At the outset of Clinton's presidency, Stephanopoulos served as the de facto press secretary, briefing the press even though Dee Dee Myers was officially the White House Press Secretary. Later, he was moved to Senior Advisor on Policy and Strategy, when Myers began personally conducting the briefings (following several verbal missteps by Stephanopoulos) and David Gergen was brought in as the new White House Communications Director. The move was largely viewed as a rebuke to Stephanopoulos's handling of public relations during the first six months of the Clinton Administration.

On February 25, 1994, Stephanopoulos and Harold Ickes had a conference call with Roger Altman to discuss the Resolution Trust Corporation's choice of Republican lawyer Jay Stephens to head the Madison Guaranty investigation, that later turned into the Whitewater controversy.[4]

Stephanopoulos resigned from the Clinton administration shortly after Clinton was re-elected in 1996.[5]

His memoir, All Too Human: A Political Education (1999), was published after he left the White House during Clinton's second term. It quickly became a number-one bestseller on New York Times Best Seller list.[citation needed] In the book, Stephanopoulos spoke of his depression and how his face broke out into hives due to the pressures of conveying the Clinton White House message. Clinton referred to the book in his autobiography, My Life, apologizing for what he felt in retrospect to be excessive demands placed on the young staffer.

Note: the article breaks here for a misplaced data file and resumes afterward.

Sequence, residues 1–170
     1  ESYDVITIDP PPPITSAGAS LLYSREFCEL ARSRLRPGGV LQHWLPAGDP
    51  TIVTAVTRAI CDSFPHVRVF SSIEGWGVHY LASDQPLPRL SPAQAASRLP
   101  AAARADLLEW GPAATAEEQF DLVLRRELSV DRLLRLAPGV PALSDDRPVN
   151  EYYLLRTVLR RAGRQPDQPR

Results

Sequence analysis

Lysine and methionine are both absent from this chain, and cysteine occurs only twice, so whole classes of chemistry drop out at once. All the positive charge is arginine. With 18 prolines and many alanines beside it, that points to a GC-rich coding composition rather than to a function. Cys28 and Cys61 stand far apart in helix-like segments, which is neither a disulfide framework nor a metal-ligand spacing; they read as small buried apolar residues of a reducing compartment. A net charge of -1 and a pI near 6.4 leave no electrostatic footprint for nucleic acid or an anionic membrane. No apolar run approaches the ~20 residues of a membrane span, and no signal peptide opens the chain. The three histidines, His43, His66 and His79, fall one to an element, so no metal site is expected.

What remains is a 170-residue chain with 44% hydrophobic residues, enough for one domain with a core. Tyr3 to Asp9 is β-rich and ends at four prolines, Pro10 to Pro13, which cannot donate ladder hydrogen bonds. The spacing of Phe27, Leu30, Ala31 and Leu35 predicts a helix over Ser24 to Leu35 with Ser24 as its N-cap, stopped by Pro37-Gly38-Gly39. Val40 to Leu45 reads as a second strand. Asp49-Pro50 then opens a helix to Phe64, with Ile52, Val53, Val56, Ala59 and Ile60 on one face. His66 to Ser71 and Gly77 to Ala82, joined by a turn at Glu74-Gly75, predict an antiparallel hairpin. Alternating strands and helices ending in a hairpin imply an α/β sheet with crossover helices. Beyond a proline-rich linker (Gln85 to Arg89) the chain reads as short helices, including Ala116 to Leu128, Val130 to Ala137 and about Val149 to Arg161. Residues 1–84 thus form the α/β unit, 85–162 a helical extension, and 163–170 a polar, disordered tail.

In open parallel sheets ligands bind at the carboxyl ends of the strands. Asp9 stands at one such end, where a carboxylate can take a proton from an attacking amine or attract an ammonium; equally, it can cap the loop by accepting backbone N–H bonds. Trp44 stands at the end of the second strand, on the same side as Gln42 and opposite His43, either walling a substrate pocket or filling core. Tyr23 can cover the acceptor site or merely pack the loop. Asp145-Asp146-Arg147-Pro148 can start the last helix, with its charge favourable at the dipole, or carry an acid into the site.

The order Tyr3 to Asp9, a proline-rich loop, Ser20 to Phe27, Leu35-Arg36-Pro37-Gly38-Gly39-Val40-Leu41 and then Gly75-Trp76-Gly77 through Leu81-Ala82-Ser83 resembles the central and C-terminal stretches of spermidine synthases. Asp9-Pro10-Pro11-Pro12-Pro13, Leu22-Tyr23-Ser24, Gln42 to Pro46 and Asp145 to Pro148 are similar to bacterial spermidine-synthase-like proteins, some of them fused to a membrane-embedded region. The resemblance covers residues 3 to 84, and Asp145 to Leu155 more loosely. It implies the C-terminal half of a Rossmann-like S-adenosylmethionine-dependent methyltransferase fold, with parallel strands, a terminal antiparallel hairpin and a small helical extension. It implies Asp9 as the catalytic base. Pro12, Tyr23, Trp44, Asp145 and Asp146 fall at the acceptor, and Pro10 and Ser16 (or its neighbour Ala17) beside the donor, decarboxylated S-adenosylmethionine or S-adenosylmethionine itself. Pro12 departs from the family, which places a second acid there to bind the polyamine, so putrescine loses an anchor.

Stephanopoulos's book covers his time with Clinton from the day he met him in September 1991 to the day Stephanopoulos left the White House in December 1996, through two presidential campaigns and four years in the White House. Stephanopoulos describes Clinton in the book as a "complicated man responding to the pressures and pleasures of public life in ways I found both awesome and appalling."

In 1997, Stephanopoulos attended the Bilderberg Group conference[6], an unofficial, annual, invitation-only conference of around 130 guests, most of whom are persons of great influence in the fields of politics, business, banking, and media; each conference is under intense secrecy and security.

ABC News